“Speaking on background, and with respect for her accomplished career, they say her short-term memory has grown so poor that she often forgets she has been briefed on a topic, accusing her staff of failing to do so just after they have. They describe Feinstein as forgetting what she has said and getting upset when she can’t keep up.”
The New Yorker story comes after Politico’s John Bresnahan and Marianne Levine broke the story of the growing concerns among Democrats about Feinstein — and specifically, her ability to effectively navigate the confirmation hearing for Justice Amy Coney Barrett.
Those concerns were well-founded. At one point, Feinstein repeated the same question to Barrett within minutes of first asking it. (Barrett answered it the first time).
And at the conclusion of the hearing, Feinstein’s comments to Judiciary Committee Chairman Lindsey Graham that “this is one of the best set of hearings that I’ve participated in” enraged liberal groups, who demanded she step down as ranking member of the committee.
Late last month, she did exactly that– following a “long and serious talk” with Senate Minority Leader Chuck Schumer (New York) … Read more.
From Wikipedia, the free encyclopedia
Dianne Goldman Berman Feinstein (Dianne Emiel Goldman; June 22, 1933) is an American politician who has served as the senior United States Senator from California since 1992. A member of the Democratic Party, Feinstein was Mayor of San Francisco from 1978 to 1988.
Born in San Francisco, Feinstein graduated from Stanford University in 1955 with a Bachelor of Arts in history.
In the 1960s, she worked in city government. She was elected to the San Francisco Board of Supervisors in 1969. She served as the board’s first female president in 1978, during which time the assassinations of Mayor George Moscone and City Supervisor Harvey Milk by Dan White drew national attention.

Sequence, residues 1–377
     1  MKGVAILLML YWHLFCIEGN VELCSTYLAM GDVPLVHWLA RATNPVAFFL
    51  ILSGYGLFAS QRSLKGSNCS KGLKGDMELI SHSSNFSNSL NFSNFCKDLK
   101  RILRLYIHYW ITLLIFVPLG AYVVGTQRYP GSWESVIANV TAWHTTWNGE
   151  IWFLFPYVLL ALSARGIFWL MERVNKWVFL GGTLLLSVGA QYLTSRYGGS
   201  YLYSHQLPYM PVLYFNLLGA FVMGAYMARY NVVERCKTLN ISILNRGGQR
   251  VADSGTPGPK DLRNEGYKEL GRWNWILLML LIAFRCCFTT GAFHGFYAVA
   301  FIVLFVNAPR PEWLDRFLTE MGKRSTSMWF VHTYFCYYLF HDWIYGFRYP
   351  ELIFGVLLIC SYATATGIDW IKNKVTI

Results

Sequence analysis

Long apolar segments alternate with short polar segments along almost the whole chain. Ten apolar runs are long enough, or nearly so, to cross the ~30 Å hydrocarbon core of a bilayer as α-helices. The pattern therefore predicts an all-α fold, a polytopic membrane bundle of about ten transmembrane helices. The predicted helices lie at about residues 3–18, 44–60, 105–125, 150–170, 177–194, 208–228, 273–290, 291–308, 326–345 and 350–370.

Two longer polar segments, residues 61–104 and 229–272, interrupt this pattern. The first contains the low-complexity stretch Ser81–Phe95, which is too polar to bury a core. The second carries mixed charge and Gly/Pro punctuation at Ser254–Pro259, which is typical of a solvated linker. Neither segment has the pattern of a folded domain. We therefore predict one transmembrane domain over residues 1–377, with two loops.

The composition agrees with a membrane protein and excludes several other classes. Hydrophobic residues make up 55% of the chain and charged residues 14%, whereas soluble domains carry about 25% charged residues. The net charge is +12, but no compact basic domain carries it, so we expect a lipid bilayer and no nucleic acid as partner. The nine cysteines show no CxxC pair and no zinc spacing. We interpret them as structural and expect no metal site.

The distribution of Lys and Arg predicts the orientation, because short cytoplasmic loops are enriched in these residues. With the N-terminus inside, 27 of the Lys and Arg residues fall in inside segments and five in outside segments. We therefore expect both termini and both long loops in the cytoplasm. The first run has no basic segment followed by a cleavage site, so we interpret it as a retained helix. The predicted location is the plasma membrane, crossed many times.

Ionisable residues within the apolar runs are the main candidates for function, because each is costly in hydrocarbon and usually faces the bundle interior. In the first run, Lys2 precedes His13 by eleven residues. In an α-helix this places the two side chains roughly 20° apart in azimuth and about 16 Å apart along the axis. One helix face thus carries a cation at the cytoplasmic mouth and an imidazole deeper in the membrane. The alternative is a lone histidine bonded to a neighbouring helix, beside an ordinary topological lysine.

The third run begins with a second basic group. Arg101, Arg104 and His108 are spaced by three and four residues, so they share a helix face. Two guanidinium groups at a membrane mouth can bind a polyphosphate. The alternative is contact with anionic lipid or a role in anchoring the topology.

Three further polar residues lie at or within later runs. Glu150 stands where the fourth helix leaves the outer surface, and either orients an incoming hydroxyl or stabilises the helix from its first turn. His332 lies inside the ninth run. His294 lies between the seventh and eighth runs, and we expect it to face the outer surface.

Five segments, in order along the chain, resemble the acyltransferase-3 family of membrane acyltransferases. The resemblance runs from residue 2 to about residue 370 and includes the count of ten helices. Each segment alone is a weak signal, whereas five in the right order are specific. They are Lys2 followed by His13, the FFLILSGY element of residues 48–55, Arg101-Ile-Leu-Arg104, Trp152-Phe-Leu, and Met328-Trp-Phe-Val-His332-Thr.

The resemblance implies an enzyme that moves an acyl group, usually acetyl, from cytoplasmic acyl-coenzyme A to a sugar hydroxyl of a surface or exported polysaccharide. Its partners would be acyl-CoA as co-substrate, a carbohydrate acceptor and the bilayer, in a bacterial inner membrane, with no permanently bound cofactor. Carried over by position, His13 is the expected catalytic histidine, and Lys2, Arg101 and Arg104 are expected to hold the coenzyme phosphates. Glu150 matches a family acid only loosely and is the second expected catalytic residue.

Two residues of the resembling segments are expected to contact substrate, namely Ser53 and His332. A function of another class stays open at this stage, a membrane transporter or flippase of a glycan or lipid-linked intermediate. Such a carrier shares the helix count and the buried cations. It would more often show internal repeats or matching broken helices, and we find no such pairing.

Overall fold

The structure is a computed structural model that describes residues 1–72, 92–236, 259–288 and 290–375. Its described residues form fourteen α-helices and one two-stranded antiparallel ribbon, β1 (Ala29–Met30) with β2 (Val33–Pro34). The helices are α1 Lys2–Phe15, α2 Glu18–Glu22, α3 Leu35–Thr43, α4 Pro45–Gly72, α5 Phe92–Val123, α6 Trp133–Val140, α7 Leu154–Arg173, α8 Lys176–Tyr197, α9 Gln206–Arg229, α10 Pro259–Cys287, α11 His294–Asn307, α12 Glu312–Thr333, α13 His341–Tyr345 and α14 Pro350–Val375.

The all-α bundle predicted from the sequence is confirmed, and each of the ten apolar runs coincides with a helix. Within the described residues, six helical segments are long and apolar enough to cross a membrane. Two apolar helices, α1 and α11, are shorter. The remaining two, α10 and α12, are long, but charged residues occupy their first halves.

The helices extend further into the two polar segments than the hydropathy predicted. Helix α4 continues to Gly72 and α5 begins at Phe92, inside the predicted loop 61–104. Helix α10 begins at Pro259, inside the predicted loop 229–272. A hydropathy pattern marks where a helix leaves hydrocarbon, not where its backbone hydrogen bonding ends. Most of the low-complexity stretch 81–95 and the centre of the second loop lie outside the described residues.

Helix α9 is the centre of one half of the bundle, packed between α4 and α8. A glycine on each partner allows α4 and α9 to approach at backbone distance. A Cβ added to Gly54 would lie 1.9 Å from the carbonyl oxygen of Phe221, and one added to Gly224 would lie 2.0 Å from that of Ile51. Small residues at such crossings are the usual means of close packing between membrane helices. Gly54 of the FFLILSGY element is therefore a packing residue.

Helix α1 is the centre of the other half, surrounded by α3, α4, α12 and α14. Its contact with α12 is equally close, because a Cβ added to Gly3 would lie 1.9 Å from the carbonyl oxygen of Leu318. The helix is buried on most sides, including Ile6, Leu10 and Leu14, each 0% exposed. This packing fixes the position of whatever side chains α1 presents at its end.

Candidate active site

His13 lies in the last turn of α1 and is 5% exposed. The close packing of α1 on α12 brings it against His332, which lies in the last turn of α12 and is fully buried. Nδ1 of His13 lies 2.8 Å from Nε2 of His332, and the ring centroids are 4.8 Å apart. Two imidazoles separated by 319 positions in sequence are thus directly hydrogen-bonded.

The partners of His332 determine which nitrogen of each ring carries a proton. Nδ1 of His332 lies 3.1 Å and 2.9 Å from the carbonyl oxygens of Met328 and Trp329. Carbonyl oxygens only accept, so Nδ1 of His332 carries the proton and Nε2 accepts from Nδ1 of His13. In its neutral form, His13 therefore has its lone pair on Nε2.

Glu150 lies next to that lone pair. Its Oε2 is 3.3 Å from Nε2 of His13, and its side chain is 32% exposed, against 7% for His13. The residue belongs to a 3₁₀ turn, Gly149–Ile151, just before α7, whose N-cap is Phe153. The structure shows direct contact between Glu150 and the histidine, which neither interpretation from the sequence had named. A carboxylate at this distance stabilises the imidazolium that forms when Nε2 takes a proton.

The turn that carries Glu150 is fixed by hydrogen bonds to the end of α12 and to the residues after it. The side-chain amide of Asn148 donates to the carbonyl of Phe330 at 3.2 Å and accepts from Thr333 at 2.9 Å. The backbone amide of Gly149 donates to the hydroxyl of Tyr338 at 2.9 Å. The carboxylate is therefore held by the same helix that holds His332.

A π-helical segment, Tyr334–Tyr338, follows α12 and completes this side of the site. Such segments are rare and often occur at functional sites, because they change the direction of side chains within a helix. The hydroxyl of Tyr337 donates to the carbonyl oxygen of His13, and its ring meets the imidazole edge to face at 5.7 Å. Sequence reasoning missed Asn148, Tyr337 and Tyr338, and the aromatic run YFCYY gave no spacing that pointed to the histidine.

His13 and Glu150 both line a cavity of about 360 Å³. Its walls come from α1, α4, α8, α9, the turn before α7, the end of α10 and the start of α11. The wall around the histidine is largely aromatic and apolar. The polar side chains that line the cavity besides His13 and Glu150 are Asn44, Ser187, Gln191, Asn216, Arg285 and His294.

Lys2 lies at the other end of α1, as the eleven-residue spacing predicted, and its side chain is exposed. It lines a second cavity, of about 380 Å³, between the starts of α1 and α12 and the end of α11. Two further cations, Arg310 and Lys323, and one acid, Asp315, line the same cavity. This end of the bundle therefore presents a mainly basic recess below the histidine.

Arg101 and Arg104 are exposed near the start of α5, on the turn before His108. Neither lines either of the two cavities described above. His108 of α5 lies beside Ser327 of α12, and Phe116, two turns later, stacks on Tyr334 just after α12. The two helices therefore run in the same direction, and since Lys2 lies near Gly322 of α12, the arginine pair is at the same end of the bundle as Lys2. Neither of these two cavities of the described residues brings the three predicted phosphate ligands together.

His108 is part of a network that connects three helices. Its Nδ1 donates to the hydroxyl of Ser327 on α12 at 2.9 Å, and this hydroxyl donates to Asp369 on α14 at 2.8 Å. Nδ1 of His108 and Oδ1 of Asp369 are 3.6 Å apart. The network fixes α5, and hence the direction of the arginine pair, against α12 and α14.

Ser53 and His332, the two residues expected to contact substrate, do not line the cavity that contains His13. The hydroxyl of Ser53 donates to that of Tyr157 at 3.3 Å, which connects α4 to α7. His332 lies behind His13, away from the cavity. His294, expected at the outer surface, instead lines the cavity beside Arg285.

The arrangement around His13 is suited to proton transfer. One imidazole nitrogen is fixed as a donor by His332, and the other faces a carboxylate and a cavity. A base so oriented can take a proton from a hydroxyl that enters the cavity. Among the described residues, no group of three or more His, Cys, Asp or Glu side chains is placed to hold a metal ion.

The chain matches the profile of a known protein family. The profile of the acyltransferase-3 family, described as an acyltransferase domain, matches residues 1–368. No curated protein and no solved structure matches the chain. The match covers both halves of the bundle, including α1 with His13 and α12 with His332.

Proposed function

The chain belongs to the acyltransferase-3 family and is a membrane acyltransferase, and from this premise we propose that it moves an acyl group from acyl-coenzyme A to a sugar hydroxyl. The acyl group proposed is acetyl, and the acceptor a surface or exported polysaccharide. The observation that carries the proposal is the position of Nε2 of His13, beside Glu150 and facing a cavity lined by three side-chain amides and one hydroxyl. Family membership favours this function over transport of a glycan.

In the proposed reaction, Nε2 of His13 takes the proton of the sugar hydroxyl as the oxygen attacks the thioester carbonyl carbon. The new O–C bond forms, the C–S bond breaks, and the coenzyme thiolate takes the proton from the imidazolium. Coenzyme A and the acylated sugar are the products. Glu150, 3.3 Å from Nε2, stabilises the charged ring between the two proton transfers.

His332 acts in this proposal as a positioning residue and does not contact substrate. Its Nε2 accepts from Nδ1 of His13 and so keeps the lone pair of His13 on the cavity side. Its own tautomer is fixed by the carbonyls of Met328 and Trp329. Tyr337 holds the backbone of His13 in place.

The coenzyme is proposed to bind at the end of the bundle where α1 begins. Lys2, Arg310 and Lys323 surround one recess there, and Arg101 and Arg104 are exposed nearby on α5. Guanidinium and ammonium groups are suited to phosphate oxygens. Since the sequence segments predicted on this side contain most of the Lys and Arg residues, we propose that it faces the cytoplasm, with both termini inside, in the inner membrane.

Feinstein succeeded Moscone as Mayor of San Francisco and became the first woman to serve in that position. During her tenure, she led the renovation of the city’s cable car system and oversaw the 1984 Democratic National Convention.
After losing a race for governor in 1990, Feinstein won a 1992 special election to the U.S. Senate. Feinstein was first elected on the same ballot as her peer Barbara Boxer, and the two women became California’s first female U.S. Senators.
Feinstein has been re-elected five times since then, and in the 2012 election, she received 7.75 million votes—the most popular votes in any U.S. Senate election in history.
Feinstein was the author of the 1994 Federal Assault Weapons Ban which expired in 2004. She introduced a new assault weapons bill in 2013 which failed to pass.
Feinstein is the first and only woman to have chaired the Senate Rules Committee (2007–2009) and the Select Committee on Intelligence (2009–2015), and is also the only woman to have presided over a U.S. presidential inauguration.
At the age of 87, Feinstein is the oldest sitting U.S. Senator. Upon the retirement of Barbara Mikulski in January 2017, Feinstein became the longest-tenured female U.S. Senator currently serving.
Should she serve through November 5, 2022, Feinstein will become the longest-serving Californian and longest-serving woman in U.S. Senate history.